My mother loved Christmas.
She had secret hiding places for storing gifts, surprises for the whole family that she began buying months in advance. The hours she spent wrapping them produced works of art with surprises inside. I remember tiny ribbon rockets, ornate handmade bows, themed designs woven from paper, string, ribbon, and fabric that were a gift unto themselves. The pile of creativity she created under the tree rivalled the decorations on the boughs above.
She spent an equal number of hours in the kitchen baking cookies. As a child, she made me feel an important part of this process as she cheerfully directed my efforts at adding sugar and candy decorations to each one. As an adult, I looked forward each Christmas to invading Mom's kitchen to see what sinful delights she had stored in the multiple tins on the counter. I was never disappointed. Cutout sugar cookies, date bars and rum balls were special favorites. Her recipes are used in my kitchen now, eliciting the same joy from my children.
Christmas carols echoed throughout the house for weeks, either from the record player or my mother's own vocal chords. She had a lovely voice. "Silver Bells" and "White Christmas" were her favorites. I had an illustrated book of carols from which she would encourage me to sing to her each night as she prepared dinner.
Teaching me about the true meaning of Christmas was just as important. She explained the stories behind the words of Christmas carols, placed our ceramic manger scene in a place of honor in the living room as she talked about that blessed night with me, and we always attended Christmas Eve candlelight services at church. My mother's religious beliefs were an important, yet private part of who she was. I respect that still.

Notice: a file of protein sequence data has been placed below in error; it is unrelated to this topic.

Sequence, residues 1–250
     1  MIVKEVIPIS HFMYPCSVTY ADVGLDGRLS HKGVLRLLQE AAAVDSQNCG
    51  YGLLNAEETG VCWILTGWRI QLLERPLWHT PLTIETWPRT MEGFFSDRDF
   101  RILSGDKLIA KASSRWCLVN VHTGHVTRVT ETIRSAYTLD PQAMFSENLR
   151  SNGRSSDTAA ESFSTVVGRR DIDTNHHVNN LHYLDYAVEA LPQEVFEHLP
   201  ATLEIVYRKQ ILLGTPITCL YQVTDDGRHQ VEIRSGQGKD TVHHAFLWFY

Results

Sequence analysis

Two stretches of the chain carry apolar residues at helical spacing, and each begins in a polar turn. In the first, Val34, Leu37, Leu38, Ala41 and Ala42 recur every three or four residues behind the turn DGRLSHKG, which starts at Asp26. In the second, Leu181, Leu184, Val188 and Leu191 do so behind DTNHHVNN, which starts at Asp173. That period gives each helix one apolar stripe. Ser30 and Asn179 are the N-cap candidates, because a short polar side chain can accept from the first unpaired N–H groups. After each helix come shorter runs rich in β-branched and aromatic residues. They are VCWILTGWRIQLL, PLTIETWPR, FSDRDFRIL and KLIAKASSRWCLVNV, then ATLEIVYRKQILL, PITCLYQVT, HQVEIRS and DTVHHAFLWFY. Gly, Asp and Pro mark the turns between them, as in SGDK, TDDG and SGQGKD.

Her one frustration at Christmas was my father. His day job involved decorating commercial stores and windows, and, at Christmas, he was exceptionally busy, making the task of decorating his own home a chore he avoided as long as possible. My mother's pleading would fall on deaf ears until Christmas was drawing very near, then he would begrudgingly put up the tree, the lights and the decorations in the yard. Dad had a knack for creating Christmas magic as he labored, even though he grumbled about it the entire time. He didn't dampen Mom's spirits, though, and her grateful kisses and hugs always produced a smile and laughter from him.
Christmas morning brought wishes granted and surprises galore. She never failed to remember everyone's Santa List, but she was a master at purchasing that special present that showed how much she cared. I still remember the smiles on her face as she would watch those packages being ripped open by the recipients. The hours she had spent creating a gift box on the outside only added to the happiness she felt seeing the discovery by them of what lay inside it.
Hot cocoa and cookies were part of Christmas breakfast, and then it was time to put on a beautiful new dress my mother had made so that I was ready to welcome the relatives for Christmas dinner. With the help of my grandmother and aunts, she happily prepared all the fixings for a delicious repast. As the meal was enjoyed, I would catch her watching the faces of the family, delighting in their delight at what was served.
I never heard a word from my mother about how draining all that preparation and work was for her. She just adored every moment of the Season and all it stood for. Most importantly, she didn't do any of it to impress; she did it because it gave her joy to see how much it meant to everyone else. I'll never stop missing her joyful laughter and caring ways at this time of year. She instilled in me the Magic Of Christmas in a way I cherish, and I've tried to pass it on to my children and grandchildren. I know our family will never forget the true meaning of Christmas because that gift of love was given to us by a very special woman.